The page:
BRUSSELS (Reuters) - The euro currency is not going to collapse, neither now nor in 20 years, European Commissioner for Economic and Financial Affairs Pierre Moscovici said on Thursday.
Moscovici was responding to comments by Ted Malloch, reported by media to be the likely new United States ambassador to the European Union, who has told the BBC he would short the euro because the single currency “could collapse” in the next 18 months.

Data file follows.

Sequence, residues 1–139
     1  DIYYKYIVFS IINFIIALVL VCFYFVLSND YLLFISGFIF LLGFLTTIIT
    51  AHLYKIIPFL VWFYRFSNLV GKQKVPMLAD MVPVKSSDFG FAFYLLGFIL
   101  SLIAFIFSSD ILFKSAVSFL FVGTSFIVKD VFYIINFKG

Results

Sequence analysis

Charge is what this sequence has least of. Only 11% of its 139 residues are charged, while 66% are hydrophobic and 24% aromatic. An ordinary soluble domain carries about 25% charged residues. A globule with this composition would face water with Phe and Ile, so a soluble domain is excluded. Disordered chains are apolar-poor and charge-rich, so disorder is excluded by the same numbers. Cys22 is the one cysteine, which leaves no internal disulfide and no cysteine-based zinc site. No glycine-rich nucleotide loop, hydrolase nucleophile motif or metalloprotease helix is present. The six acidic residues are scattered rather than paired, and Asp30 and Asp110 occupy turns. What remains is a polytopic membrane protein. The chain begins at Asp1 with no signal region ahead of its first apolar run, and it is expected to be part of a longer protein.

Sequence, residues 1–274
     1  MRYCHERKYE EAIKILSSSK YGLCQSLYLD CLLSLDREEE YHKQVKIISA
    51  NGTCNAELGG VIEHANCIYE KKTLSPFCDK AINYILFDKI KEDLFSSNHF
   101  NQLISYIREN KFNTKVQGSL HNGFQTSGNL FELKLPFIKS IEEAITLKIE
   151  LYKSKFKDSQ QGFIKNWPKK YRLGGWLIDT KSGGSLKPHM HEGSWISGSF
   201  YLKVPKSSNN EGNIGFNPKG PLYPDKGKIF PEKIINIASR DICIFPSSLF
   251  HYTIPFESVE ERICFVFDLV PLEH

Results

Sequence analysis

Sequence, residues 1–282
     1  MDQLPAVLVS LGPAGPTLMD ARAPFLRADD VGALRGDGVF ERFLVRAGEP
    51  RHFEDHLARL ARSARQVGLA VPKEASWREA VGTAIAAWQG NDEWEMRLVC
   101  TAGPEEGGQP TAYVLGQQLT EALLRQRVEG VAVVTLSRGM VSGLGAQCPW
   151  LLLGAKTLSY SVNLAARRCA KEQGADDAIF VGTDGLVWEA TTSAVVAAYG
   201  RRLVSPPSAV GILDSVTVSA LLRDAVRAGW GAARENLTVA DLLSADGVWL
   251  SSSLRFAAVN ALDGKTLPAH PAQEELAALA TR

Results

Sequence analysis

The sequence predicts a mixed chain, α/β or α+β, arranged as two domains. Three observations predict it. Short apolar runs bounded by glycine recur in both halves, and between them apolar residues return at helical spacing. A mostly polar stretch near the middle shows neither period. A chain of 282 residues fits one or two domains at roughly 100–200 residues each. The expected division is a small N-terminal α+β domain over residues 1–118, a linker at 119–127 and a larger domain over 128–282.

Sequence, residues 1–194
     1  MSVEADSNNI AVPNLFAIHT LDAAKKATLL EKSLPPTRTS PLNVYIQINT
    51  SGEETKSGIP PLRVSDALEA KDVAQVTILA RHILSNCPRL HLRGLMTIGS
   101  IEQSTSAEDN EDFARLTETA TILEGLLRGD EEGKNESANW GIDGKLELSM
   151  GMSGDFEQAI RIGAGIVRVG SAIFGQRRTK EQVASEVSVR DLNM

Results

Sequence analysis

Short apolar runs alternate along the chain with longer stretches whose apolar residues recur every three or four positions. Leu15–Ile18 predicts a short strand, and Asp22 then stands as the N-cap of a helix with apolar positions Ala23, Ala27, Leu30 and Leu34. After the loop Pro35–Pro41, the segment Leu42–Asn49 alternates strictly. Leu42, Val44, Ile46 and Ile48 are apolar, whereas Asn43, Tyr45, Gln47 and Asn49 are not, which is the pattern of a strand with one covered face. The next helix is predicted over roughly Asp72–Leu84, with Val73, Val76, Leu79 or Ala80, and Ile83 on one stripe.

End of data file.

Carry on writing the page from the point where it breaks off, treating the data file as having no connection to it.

“I don’t think this is a very informed judgment, the euro is not going to collapse, neither in 18 months, not in 10 years, nor in 20 years,” Moscovici told reporters on entering a meeting of euro zone finance ministers.
“We have a single currency, which is a major factor of unity among us, it is no use trying to divide the European Union,” he said.
“We will disappoint those who see us already dead. We should always reflect on Mark Twain’s words: “The reports of my death are greatly exaggerated,” Moscovici said.
Asked if this meant the relationship between the new U.S. administration and the EU was off to a bad start, Moscovici said: “Let’s be cool”.
Reporting By Jan Strupczewski